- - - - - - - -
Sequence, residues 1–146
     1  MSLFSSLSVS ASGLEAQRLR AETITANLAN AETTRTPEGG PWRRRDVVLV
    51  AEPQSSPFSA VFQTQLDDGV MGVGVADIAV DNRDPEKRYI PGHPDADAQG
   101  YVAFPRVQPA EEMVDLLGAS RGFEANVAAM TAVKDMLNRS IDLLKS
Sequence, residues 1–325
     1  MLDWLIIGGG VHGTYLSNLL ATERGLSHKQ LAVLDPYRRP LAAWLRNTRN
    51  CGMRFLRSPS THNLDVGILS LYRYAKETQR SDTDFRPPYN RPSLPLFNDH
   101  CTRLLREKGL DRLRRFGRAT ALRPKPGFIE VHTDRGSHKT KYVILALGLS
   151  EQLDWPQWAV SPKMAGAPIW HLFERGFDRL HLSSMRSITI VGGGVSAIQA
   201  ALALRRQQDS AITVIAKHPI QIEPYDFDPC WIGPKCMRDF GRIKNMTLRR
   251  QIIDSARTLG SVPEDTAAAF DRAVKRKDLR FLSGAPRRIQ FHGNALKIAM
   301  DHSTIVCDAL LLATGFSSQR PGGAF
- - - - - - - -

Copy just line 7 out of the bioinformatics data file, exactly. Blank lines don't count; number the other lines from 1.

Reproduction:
    51  CGMRFLRSPS THNLDVGILS LYRYAKETQR SDTDFRPPYN RPSLPLFNDH